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Discussion Starter · #1 ·
So, last week I demoed a very nice bike with Zipp 404's. I already have a very nice bike, but I now want deep aero wheels. Unfortunately I cannot be dropping $2100 on a wheelset, I probably shouldn't be spending any money on wheels as my current set is great.

So, I'm wondering how much difference is there between aero aluminium rims and aero carbon rims of similar depth? Will ride quality differ? Will aluminium make the same wooshing sound? If I get struck by lightning will carbon rims transfer the shock to the ground?

So far I've found that aluminum is a couple hundred grams heavier, and a couple thousand dollars cheaper, but I've never ridden deep alu rims.

I'm looking at possibly the soul S4.0s because they're cheap and deep, or waiting quite a while and going for some carbon rims like the reynolds clinchers. Opinions?
 

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Discussion Starter · #3 ·
SleeveleSS said:
I think weight is the main disadvantage of Al. deep section rims.
Yeah, but it's not always a huge difference. The Flash Point 40mm rim is around 500g and the complete wheelset is around 1732g. The Soul wheels (also 40mm) have a claimed weight of ~1680g, and I'm not sure what the rims weigh.

Plastic and metal have very different properties, I'm wondering how different two wheelsets will ride if the main difference is rim material.
 

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threesportsinone said:
Yeah, but it's not always a huge difference. The Flash Point 40mm rim is around 500g and the complete wheelset is around 1732g. The Soul wheels (also 40mm) have a claimed weight of ~1680g, and I'm not sure what the rims weigh.

Plastic and metal have very different properties, I'm wondering how different two wheelsets will ride if the main difference is rim material.
Considering those weights are around a pound heavier than similar aero carbon clincher options, and about two pounds heavier than some aero carbon tubular options, I think most would say that's a pretty big difference. I have never ridden an aluminum deep section rim, so I can't comment on the ride comparison. Hopefully someone else with more experience will chime in here.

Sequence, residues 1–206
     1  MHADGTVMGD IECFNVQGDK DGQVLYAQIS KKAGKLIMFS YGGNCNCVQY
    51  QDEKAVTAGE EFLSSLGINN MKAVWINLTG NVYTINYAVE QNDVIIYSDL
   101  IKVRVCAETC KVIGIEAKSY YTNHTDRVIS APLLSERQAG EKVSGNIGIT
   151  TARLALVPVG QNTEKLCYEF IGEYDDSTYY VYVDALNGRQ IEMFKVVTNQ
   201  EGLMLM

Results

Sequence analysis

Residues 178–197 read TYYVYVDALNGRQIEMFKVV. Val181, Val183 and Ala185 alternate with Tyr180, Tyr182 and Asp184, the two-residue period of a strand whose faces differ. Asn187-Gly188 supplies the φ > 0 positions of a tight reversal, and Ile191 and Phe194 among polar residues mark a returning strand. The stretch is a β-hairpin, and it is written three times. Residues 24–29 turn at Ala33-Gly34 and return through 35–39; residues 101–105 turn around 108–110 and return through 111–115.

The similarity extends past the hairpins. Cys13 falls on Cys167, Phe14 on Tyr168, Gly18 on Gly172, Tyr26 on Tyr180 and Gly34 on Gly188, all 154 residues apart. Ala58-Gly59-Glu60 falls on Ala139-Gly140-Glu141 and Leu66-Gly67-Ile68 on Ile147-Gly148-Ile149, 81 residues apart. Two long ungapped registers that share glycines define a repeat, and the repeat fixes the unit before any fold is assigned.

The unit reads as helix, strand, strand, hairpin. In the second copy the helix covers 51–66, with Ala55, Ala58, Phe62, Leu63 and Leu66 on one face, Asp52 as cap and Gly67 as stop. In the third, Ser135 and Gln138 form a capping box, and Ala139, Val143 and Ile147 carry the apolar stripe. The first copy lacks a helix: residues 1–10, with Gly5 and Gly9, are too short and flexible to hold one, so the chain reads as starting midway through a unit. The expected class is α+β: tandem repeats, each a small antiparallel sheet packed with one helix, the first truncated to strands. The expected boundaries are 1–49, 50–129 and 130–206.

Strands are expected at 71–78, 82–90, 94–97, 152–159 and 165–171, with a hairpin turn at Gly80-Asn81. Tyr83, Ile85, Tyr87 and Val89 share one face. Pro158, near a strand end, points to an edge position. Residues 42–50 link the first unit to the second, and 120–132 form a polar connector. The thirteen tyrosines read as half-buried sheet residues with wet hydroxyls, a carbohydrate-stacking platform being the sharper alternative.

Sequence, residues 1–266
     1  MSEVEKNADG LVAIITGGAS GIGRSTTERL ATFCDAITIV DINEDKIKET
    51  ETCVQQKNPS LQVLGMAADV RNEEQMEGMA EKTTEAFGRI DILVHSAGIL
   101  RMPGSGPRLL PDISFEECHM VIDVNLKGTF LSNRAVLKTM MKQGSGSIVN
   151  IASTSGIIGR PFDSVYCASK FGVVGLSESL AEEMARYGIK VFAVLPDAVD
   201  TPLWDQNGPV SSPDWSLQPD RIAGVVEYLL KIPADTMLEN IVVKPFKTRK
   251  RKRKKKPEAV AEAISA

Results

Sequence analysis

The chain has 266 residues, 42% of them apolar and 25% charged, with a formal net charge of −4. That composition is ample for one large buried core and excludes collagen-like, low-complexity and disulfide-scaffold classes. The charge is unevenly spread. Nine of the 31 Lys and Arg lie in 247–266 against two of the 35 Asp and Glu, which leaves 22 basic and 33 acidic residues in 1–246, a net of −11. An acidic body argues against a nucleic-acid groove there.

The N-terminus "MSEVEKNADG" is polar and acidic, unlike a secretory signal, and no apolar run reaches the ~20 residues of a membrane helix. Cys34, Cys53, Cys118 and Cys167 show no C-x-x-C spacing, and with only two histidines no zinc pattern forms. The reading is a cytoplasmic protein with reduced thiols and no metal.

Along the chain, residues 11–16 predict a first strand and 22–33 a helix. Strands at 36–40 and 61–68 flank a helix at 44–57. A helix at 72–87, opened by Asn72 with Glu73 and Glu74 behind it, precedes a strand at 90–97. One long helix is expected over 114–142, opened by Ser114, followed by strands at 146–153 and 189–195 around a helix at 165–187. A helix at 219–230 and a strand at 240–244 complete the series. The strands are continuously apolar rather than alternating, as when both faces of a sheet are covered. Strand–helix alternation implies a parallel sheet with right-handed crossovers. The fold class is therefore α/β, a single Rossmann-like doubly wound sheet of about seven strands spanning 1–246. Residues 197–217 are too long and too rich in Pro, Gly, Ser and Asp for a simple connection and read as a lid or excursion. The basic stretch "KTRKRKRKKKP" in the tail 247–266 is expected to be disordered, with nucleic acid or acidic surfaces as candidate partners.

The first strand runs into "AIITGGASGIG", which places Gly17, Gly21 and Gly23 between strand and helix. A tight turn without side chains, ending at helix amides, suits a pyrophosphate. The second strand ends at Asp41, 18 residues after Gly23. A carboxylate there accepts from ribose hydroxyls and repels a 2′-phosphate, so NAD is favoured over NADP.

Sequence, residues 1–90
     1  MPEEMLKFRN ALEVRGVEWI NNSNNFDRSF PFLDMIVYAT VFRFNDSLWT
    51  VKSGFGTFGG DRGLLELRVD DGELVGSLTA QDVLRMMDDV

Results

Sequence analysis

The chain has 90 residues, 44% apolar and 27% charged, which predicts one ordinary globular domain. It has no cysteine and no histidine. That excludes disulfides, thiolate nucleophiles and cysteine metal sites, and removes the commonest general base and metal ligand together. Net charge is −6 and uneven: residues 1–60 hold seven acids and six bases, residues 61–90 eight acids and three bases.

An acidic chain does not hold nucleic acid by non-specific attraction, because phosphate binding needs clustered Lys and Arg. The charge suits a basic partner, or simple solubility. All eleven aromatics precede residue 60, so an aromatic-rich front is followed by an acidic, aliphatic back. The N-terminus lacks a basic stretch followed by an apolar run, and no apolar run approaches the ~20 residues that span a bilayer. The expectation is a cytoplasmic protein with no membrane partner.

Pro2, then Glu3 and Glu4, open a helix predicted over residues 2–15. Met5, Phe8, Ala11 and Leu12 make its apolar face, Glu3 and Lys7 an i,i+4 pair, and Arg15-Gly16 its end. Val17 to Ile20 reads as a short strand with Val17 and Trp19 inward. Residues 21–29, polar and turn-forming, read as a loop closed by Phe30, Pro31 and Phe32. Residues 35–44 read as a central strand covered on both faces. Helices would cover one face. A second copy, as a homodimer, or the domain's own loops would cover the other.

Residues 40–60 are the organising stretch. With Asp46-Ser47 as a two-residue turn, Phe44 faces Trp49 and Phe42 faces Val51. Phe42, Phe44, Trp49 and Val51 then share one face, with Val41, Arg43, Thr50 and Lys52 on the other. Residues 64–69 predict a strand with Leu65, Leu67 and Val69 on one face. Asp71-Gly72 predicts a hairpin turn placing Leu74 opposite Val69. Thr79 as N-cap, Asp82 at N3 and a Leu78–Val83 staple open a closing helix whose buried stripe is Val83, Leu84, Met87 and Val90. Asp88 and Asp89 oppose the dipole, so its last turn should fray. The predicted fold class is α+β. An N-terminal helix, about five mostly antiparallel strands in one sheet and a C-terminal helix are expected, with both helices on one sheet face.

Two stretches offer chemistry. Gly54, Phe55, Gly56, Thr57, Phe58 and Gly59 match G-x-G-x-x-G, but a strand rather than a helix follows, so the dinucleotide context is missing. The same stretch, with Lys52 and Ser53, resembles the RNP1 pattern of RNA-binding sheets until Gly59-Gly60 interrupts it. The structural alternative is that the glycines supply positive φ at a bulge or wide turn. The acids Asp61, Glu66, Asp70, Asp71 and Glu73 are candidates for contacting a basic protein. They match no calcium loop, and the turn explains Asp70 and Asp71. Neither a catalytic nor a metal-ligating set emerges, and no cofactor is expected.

I will say that I don't really notice a difference in the ride of my deep section carbon rims, compared to my climbing Al. wheelset. The only thing I do notice is that the deep section wheels are harder to get up to speed, and stay there easier. That might very well be in my head, but it does follow that whole moment of inertia thing. :D As far as your original questions, were the first two serious and the second two in jest?
 

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Discussion Starter · #5 · (Edited)
SleeveleSS said:
Considering those weights are around a pound heavier than similar aero carbon clincher options, and about two pounds heavier than some aero carbon tubular options, I think most would say that's a pretty big difference. I have never ridden an aluminum deep section rim, so I can't comment on the ride comparison. Hopefully someone else with more experience will chime in here.

I will say that I don't really notice a difference in the ride of my deep section carbon rims, compared to my climbing Al. wheelset. The only thing I do notice is that the deep section wheels are harder to get up to speed, and stay there easier. That might very well be in my head, but it does follow that whole moment of inertia thing. :D As far as your original questions, were the first two serious and the second two in jest?
2lbs lighter would be around 800grams, I wouldn't call LEW wheels similar to what I'm talking about. And Reynolds assaults around claimed at 1525 (1/3 pound lighter, but they're 6mm deeper).

This whole aero thing is completely new to me, I've only ridden for 10miles on some Zipps and now I need some, so I could tell enough difference to justify new wheels to myself, but if deep alu wheels will be more similar to my current wheels than to the Zipps, then it's not worth it to me. However, if it only costs $375 (before tires and another cassette) then it might be fun to try it out, if there is a reasonable difference.

Yes the last 2 questions were in jest, but if I get aero wheels I do kinda want the wooshing sound (I love loud wheels, I'm gonna get a RED cassette to amplify my Chris King hubs), and lightning protection is always a bonus.
 

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Math major?

SleeveleSS said:
Considering those weights are around a pound heavier than similar aero carbon clincher options, and about two pounds heavier than some aero carbon tubular options, I think most would say that's a pretty big difference.